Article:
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Against all odds, we must do all to preserve the wine.

By Michael "Ty, the Wine Guy" Taiani

Had Abraham Lincoln, our 16th President, admired wine as much as one of his predecessors, Thomas Jefferson, this might have been the quote under the Lincoln Memorial in Washington, D.C. This comes to mind since, on a recent summer excursion, my wife and I drove past the historic battlegrounds and wineries of eastern Virginia, we had an engaging discussion on how Lincoln preserved the Union during the Civil War.

Needless to say, whenever I think of preservation, my favorite beverage of choice wine comes to mind. Never before has there been such an array of wine-preservation products available. And theyre not only for the athome wine consumer. In fact, many are used in commercial applications like restaurants, wine bars, and tasting rooms (including those at our Hudson Valley wineries), ensuring that the wine in an uncorked bottle remains fresh, fresh, fresh!

It is worth noting a common misperception that some people have, in that if wine contains alcohol, how can it turn bad? Well, in reality, wine is a natural, fruit-based chemical beverage (i.e., carbon-molecular compound) subject to aging, and so it requires some science to preserve it. Chef Julia Child defined it best: Wine is a living liquidits life cycle comprises youth, maturity, old age, and death. When not treated with reasonable respect it will sicken and die. But before I begin to mention several of the most common preservation devices, I think its best to discuss a few of the culprits that lead to wine spoilage:

Oxidation, the most common, is the process when oxygen (O2) molecules
interact with “exposed” wine, usually along its surface edge, producing
spoilage. This leads to a loss of color, flavor and aroma, and is often
accompanied with the smell of raisins, cooked fruits and/or stale walnuts.
It is often visually detectable by a premature browning or yellowing of the
wine. Causes: unprotected wine and/or cork failure..

“Cooked” wine occurs when a wine bottle has been exposed to too much
heat; higher than the ideal storage temperature for wine (55° F). This is
one reason why you should never store wine in the kitchen, as in most
cases temperatures can exceed the high 70s.

Light-strike is when a wine bottle is exposed to sunlight for a prolonged
period of time. Clear, colorless bottles are especially prone since they are
able to absorb the full rays of the sun and ultraviolet light. These wines
will experience a color change while losing their flavors. A wine shopper’s
rule: Be weary of wine shops with many clear, unprotected windows or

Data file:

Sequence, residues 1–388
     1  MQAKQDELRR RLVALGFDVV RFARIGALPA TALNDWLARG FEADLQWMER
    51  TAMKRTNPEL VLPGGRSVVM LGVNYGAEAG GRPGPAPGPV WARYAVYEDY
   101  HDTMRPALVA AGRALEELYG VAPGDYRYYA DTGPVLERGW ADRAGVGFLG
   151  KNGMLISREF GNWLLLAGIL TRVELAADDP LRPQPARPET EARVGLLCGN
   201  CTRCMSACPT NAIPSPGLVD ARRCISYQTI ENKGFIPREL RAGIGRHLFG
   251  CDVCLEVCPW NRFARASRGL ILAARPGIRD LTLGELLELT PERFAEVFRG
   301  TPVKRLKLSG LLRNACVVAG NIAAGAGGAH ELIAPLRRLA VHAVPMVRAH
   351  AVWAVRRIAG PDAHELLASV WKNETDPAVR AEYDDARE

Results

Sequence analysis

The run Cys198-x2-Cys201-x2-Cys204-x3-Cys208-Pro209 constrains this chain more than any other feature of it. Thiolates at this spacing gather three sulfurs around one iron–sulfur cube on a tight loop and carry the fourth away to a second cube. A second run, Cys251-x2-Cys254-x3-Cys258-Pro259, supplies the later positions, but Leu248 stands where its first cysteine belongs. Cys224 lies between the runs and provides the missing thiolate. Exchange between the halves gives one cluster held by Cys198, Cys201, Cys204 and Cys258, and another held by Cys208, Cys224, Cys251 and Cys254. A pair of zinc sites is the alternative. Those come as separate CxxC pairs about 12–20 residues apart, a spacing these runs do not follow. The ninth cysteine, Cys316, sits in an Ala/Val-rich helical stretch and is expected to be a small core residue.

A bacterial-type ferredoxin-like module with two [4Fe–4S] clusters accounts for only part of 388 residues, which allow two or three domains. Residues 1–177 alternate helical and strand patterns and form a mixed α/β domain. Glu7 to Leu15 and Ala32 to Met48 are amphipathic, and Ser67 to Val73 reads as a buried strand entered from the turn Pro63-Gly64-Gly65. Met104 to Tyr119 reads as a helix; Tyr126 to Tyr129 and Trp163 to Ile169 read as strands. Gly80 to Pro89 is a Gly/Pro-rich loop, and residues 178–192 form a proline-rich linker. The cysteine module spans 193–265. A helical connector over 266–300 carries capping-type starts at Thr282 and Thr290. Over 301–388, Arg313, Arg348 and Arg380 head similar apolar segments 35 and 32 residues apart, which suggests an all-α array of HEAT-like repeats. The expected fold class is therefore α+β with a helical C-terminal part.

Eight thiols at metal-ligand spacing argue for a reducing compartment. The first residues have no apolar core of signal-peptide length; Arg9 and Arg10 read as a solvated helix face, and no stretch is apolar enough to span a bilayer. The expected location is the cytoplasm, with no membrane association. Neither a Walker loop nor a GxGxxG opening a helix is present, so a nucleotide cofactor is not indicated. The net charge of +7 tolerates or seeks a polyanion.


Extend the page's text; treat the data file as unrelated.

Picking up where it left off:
those that use retail window displays.

If youre going to spend money purchasing wine, you should really consider spending a little bit more to keep that bottle lasting as long as possible. Here are some of the most common and popular solutions to avoid spoilage:

Wine vacuum pumps/toppers. Whether electric or manual, the concept
is simple – they pump out the air in an uncorked a bottle before the wine
can begin oxidizing. Removing oxygen keeps wine healthy for several
days. No doubt the best value for temporary preservation.

Nitrogen or Inert Gas in-a-Can. Pumping inert gas into an open wine bottle creates a barrier preventing oxygen molecules from contacting the wines surface. However, this solution is a bit pricier in the long run when the can is empty, its empty, and time to buy another!

Wine refrigerators, aka Coolers. There are many brands with different
bottle count capacities and styles to choose from. While they vary in
expense, a proper wine “fridge” will have glass doors with a UV coating
to prevent exposure to direct sunlight and to keep the bottles in a safe
temperature range which will prevent “cooking.”

Room-darkening curtains/blinds. If you have to store your wine at
home out in the open, these will at least help filter out the light while
keeping the room marginally cooler – especially during the peak summer
months when the sun’s rays are at their strongest.

These and similar products can be found at any of the major home stores throughout the Hudson Valley, and/or online. Simply analyze your preservation needs and then have fun shopping. Its worth the time, effort, and expense to ensure you get the most out of your wine.


Michael Taiani Certified Specialist of Wine (CSW), aka Ty the Wine Guy, is a food and wine consultant and marketer. Assisting people with food and wine is his passion.

Hudson Valley Wine magazine Summer 2014 issue

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